While the number of conferences focused on the basics of accounting marketing has grown over the past several years, there were literally none devoted to the critical issues faced by senior-level marketers — until now.In late February, the Association for Accounting Marketing staged its inaugural Executive Leadership Conference in an effort to help provide those at the senior level with strategies to create engaging programs and boost revenue at their respective firms.
Roughly 90 people convened here for the two-day event, which featured panels and workshops to help attendees craft and enhance their marketing plans for 2008 and beyond.
“We were looking for ways to keep more seasoned, tenured marketers involved,” explained Granville Loar, the executive director of the Kansas City, Mo.-based AAM, who revealed that discussions focused on offering a senior leadership conference had begun as early as 2003. “We found that, while we weren’t necessarily losing senior members, we weren’t meeting their needs and bringing value to them. We are looking for a way to meet those needs.”
The result was the recent confab, which offered attendees such things as insider tips from an advertising guru on how the “creative process applies to everything,” a panel on how to work successfully with “Generation Me,” and how to bring the art and science of business intelligence into CPA marketing, among others.
CMOS AS DECISION-MAKERS
“You have to be more than experts in marketing, you have to be experts in our profession,” said Thomas Marino, chief executive officer at J.H. Cohn LLP, a Northeast regional accounting firm with headquarters in Roseland, N.J., and a member of the Generation Me panel.
That session explored issues surrounding the role of the chief marketing officer as a strategic decision-maker within firms of various sizes.
Others on the panel included David Deeter, managing partner at Atlanta-based Frazier & Deeter; James Mattie, national assurance leader of the private company services practice at PricewaterhouseCoopers; and Ed Nusbaum, chief executive of Grant Thornton LLP.
In addition to strategies on how marketers can break the glass ceiling, all agreed that it was important that marketing become a professional designation within firms, as opposed to being labeled an administrative post.
“At our organization, marketing is at the senior level,” Nusbaum said. “I think in today’s world, it’s much tougher for a single individual to be successful on their own, and it takes a team to be successful in a competitive marketplace. Marketing needs to be a part of that. I don’t know how you can be effective any other way.”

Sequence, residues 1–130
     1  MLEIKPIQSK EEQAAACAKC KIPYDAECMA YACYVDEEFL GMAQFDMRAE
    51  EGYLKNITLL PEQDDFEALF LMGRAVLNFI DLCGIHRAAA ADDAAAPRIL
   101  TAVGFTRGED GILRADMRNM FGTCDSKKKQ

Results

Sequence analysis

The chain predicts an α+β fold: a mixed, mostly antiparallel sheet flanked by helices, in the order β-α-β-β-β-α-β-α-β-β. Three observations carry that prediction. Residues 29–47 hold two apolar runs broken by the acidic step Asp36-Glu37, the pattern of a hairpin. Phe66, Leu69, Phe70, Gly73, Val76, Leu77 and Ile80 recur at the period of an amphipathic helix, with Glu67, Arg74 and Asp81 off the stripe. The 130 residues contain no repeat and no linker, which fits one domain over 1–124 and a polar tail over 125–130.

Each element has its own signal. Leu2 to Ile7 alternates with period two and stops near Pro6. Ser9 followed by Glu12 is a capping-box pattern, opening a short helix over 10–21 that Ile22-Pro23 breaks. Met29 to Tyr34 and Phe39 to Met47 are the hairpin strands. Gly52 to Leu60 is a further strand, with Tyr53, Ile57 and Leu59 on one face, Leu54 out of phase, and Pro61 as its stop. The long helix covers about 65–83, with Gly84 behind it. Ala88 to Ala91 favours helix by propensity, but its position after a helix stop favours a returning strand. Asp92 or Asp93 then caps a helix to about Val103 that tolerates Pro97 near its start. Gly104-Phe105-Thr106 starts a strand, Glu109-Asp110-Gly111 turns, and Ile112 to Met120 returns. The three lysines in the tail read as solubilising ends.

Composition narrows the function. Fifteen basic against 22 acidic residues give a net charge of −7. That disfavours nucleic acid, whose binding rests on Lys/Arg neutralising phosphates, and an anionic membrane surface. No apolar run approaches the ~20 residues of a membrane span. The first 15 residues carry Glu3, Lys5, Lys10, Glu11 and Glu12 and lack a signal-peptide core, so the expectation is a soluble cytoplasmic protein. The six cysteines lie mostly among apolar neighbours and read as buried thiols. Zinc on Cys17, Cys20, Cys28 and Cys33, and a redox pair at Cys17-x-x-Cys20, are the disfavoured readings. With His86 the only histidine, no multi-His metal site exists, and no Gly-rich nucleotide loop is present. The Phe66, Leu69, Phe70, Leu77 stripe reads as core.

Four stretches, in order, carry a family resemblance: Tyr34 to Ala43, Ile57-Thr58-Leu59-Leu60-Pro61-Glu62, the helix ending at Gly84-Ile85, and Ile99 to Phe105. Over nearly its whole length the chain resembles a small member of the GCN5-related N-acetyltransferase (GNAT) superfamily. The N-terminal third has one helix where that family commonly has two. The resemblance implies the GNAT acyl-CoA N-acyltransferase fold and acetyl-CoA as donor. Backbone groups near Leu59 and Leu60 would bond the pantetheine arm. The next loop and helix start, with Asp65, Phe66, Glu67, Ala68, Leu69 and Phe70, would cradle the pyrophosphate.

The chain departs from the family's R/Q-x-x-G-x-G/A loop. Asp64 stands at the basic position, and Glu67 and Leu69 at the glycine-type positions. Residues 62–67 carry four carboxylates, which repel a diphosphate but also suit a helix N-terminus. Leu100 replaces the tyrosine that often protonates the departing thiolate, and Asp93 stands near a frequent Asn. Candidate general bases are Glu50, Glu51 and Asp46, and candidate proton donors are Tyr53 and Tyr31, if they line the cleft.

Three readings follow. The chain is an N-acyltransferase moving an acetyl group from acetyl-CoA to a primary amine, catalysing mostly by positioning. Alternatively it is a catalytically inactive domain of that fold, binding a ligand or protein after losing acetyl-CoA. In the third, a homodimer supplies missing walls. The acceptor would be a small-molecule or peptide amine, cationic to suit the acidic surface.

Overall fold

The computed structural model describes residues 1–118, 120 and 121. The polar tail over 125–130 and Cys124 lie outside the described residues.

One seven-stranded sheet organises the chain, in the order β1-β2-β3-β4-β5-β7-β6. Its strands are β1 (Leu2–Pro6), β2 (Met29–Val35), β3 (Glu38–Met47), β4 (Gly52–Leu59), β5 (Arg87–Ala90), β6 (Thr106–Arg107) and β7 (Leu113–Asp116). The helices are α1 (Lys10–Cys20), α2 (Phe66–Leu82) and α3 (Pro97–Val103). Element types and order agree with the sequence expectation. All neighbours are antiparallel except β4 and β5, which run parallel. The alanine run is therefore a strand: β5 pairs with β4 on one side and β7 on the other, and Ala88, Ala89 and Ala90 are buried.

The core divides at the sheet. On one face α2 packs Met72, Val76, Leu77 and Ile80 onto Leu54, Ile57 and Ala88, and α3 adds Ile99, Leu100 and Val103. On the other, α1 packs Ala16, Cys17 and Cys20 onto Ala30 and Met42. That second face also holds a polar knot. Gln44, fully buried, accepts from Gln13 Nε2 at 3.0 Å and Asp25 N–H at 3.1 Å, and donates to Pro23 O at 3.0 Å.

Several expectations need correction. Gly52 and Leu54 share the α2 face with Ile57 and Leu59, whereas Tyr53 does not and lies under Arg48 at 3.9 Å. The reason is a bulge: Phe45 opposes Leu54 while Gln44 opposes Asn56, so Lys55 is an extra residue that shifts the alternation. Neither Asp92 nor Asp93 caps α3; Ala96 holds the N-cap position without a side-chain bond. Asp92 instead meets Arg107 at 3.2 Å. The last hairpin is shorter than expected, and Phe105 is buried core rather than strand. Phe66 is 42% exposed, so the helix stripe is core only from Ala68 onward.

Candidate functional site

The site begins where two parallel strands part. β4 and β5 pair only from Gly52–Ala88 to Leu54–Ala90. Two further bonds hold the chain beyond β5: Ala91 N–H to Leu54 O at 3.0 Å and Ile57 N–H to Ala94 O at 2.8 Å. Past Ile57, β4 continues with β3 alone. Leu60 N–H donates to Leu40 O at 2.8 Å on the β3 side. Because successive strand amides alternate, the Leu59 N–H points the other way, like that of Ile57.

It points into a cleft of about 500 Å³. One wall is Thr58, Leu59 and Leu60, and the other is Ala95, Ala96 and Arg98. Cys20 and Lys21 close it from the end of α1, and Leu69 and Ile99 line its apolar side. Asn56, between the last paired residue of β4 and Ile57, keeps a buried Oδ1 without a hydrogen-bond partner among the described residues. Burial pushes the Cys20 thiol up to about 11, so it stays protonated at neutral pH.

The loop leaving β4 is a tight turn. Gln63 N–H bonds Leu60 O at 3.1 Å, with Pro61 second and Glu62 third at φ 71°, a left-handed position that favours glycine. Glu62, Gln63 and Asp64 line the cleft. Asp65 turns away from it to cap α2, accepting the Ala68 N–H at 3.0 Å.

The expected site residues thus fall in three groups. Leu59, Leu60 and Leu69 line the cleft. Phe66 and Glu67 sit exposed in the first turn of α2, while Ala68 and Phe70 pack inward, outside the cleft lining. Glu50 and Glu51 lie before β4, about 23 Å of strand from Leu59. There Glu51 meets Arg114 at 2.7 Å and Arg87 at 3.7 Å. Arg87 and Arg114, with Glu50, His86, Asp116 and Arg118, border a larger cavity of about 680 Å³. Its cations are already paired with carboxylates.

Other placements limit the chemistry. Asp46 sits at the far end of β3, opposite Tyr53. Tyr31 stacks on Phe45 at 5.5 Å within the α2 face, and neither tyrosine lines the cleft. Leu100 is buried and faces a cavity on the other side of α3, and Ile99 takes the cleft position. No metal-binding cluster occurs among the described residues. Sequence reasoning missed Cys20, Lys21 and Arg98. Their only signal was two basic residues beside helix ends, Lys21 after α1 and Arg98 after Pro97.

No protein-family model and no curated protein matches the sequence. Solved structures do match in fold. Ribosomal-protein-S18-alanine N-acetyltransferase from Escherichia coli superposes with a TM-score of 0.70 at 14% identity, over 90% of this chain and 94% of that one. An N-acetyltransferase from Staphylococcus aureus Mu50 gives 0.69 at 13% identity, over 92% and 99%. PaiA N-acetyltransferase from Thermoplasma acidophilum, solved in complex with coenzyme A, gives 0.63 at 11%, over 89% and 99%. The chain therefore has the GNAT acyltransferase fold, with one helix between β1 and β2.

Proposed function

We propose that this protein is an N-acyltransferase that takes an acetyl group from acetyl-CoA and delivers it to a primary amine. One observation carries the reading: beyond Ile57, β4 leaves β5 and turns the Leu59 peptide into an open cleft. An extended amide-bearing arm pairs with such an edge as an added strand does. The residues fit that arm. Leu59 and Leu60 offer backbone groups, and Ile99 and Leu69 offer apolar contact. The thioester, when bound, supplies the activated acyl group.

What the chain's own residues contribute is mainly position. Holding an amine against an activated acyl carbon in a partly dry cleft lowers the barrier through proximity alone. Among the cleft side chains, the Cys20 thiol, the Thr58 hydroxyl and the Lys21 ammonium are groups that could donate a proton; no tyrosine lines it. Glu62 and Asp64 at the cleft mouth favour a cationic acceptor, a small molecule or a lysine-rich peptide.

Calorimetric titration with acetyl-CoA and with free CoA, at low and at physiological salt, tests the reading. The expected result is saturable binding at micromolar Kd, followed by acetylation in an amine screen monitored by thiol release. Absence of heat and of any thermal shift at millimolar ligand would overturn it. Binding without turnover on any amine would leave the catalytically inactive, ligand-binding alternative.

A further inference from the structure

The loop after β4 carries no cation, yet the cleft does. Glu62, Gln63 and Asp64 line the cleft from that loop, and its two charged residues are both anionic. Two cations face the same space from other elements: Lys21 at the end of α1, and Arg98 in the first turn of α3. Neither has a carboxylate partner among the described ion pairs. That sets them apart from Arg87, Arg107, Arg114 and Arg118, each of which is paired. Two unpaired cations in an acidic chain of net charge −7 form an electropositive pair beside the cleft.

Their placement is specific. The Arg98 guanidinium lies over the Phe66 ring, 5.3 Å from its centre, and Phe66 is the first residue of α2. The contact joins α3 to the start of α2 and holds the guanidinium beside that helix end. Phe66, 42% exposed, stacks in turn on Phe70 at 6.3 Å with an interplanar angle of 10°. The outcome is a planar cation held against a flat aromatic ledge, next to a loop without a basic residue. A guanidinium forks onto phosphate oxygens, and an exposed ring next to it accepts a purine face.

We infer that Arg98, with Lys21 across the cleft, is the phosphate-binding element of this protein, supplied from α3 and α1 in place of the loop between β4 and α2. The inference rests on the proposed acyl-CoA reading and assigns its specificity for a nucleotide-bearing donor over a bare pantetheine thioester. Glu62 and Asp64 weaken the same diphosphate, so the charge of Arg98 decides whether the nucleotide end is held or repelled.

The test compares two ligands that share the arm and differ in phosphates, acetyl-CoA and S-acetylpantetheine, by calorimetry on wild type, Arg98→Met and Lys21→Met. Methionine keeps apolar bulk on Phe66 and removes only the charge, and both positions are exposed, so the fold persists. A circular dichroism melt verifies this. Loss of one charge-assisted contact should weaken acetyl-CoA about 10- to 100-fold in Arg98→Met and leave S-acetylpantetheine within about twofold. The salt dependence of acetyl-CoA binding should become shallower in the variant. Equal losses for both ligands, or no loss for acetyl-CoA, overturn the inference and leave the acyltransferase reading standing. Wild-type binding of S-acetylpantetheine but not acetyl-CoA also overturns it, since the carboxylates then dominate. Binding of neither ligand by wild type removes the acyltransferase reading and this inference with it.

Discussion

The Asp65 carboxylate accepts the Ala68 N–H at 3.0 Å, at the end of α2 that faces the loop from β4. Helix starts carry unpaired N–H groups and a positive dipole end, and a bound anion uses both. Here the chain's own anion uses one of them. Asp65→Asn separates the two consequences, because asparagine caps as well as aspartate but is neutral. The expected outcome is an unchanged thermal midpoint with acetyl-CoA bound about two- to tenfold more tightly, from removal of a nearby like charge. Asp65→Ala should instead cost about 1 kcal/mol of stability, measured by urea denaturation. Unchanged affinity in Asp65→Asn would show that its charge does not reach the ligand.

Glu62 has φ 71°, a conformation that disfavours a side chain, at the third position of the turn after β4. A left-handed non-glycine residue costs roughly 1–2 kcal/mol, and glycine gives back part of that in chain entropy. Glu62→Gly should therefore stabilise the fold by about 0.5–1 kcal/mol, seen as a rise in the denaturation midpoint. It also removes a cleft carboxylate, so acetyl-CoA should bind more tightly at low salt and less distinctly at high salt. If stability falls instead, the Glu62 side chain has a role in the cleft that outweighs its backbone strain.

Thalia Zeitlin, a principal and chief marketing officer at Berdon LLP, and Howard Wolosky, editor-in-chief of Accounting Today’s sister publication Practical Accountant, served as co-moderators.
Another session offered attendees first-person accounts of marketers who eventually made partner.
Marc Busny, chief marketing officer and director at Tofias PC in Cambridge, Mass., moderated a discussion with Lori Colvin, chief marketing officer and a partner at Armanino McKenna LLP, who shared the story of her journey at the San Ramon, Calif.-based firm to make partner.
Named “Marketer of the Year” by AAM in 2006, Colvin talked about her firm’s growth, the reaction the firm partners had to a traditionally administrative position reaching the partner rank, and how becoming partner changed her mindset. “I do feel different,” she said, adding that she’s more involved in strategic planning. “I feel more invested. I feel more ownership. I worry more. It makes me think about the future more.”
AAM president Neil Fauerbach, who also serves as director of business development and marketing at Smith & Gesteland in Madison, Wis., echoed the fact that the conference’s programming focus intentionally evolved beyond “Marketing 101” to address upper-echelon marketing issues, as well as centering on the overriding importance of networking: “Going to dinner and talking about your challenges, [such as] ‘How did you make partner?’ It’s making friends and going back and connecting with them again and again,” he said.
As for the participants, many came to get pointers on how to raise the “value perception” of their work within their firms.
“I think it’s a challenge to get buy-in from the partners because they’re so busy,” said Nancy Fox, president of Fox Coaching Associates, a business development consultancy. “I’m not sure there’s a clear methodology between partners and marketers, but they know they need marketing.”
Adam Wolf, director of marketing and business development at CPA and business advisory firm Grassi & Co. in Lake Success, N.Y., said that he appreciated the opportunity to attend a conference directed at those at his senior level. “The best thing is to spend time with peers, hear what’s working and not working and [the] challenges,” he said. “Sometimes it can be as simple as hearing feedback.”
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